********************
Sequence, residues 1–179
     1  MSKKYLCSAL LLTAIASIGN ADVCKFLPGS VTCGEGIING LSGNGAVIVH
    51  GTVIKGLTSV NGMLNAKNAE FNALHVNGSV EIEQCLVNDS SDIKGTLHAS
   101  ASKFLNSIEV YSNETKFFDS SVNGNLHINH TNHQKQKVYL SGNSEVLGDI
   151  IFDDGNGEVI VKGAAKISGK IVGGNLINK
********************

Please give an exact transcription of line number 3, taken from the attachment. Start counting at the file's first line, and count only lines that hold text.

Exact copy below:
    51  GTVIKGLTSV NGMLNAKNAE FNALHVNGSV EIEQCLVNDS SDIKGTLHAS